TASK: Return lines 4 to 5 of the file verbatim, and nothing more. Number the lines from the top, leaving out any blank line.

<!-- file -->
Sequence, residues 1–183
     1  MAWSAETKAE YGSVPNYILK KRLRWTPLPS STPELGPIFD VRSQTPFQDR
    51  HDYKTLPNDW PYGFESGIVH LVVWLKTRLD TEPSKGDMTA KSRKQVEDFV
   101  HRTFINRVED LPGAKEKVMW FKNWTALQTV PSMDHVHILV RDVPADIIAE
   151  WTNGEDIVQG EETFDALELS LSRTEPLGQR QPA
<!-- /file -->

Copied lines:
   101  HRTFINRVED LPGAKEKVMW FKNWTALQTV PSMDHVHILV RDVPADIIAE
   151  WTNGEDIVQG EETFDALELS LSRTEPLGQR QPA